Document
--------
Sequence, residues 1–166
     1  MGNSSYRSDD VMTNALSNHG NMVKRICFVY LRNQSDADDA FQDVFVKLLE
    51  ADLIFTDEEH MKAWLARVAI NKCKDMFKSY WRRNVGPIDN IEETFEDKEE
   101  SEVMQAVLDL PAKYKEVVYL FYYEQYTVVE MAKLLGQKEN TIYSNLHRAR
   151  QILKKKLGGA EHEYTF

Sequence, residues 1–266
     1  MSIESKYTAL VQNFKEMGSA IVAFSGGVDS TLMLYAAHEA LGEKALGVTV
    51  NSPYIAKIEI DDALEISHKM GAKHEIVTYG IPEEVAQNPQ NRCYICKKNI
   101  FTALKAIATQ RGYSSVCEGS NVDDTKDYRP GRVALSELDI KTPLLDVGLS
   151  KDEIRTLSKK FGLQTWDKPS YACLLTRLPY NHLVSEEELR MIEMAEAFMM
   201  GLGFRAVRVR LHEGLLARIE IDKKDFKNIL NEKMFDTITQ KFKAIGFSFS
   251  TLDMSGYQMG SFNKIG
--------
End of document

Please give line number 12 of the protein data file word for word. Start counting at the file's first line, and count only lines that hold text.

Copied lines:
   251  TLDMSGYQMG SFNKIG